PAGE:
Epidemiologists say that the cluster infection case linked to clubs in Itaewon, Seoul was expected when South Korea hastily lifted executive orders on high-risk facilities last Wednesday as it entered a new phase dubbed “distancing in daily life.”
The South Korean government officially allowed last Wednesday the reopening of facilities that have a high risk of large-scale infection such as nightlife venues, places of worship and indoor sports centers. Meanwhile, the central government allowed local authorities to issue executive orders if necessary based on factors including the spread of COVID-19.
“The new guidelines lack a detailed risk assessment of different facilities,” said Kim U-ju, professor of infectious diseases for Korea University Guro Hospital. “The government should have classified every facility into at least three groups according to the risks they present, by easing restrictions in phases starting with low risk facilities.”
“Everyone knew nightlife venues would be a hotbed of coronavirus,” said Lee Jae-gap, professor of infectious diseases for Hallym University Medical Center. “It proves that community infections have not decreased yet.”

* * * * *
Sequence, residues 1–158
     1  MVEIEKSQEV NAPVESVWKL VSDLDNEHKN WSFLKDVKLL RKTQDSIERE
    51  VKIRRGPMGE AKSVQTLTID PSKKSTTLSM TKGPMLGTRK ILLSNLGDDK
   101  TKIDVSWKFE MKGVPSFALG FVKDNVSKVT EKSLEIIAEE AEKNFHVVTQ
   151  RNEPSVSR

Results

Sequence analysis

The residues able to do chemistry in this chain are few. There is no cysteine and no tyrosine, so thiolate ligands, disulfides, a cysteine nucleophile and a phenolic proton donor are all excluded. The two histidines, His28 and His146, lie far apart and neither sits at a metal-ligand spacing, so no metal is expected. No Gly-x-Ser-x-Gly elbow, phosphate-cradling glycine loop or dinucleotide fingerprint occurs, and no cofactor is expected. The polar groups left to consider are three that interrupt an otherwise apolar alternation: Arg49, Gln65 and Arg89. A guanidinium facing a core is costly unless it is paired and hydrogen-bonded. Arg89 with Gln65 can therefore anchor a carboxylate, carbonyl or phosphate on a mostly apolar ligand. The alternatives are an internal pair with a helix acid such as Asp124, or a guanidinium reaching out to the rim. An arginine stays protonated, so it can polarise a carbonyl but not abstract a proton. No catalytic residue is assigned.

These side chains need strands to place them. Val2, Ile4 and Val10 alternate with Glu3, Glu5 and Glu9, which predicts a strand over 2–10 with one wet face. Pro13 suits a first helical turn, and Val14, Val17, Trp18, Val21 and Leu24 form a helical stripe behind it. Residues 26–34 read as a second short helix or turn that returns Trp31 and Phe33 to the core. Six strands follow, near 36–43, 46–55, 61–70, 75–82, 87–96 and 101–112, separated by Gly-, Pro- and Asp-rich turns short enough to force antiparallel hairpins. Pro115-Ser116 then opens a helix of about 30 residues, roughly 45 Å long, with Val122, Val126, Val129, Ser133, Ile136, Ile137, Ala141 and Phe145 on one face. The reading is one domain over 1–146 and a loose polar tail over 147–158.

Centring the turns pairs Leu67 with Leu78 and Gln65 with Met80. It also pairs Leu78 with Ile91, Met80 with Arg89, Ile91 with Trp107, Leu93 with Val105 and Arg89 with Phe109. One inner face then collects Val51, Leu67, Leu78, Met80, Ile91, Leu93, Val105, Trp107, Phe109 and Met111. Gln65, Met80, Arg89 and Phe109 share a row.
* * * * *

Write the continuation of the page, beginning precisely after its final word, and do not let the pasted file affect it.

Experts emphasized that it is not too late to limit the use of high risk facilities or manage them more carefully. Um Jung-sik, professor of infectious diseases for Gachon University Gil Hospital, pointed out the need to impose restrictions on high-density facilities considering those who had been exposed to the virus in the clubs in Itaewon have spread the virus in communities by visiting other high-density areas. Choi Jae-uk, professor of preventive medicine in Korea University, argued that, in addition to publishing guidelines, the government needs to create an evaluation system where it checks if businesses abide by the guidelines and issues an executive order for violations.
Some argue for tighter control of foreigners. Concerns are rising over the “insidious spread” as the cluster of new infections was found in Itaewon, which has a large foreigner population. “The government should find a way to secure contact details of foreigners as it does for airport screening,” said Prof. Choi. “A friend’s contact details could be requested given that not all foreign residents have a Korean phone number.”
email@example.com · firstname.lastname@example.org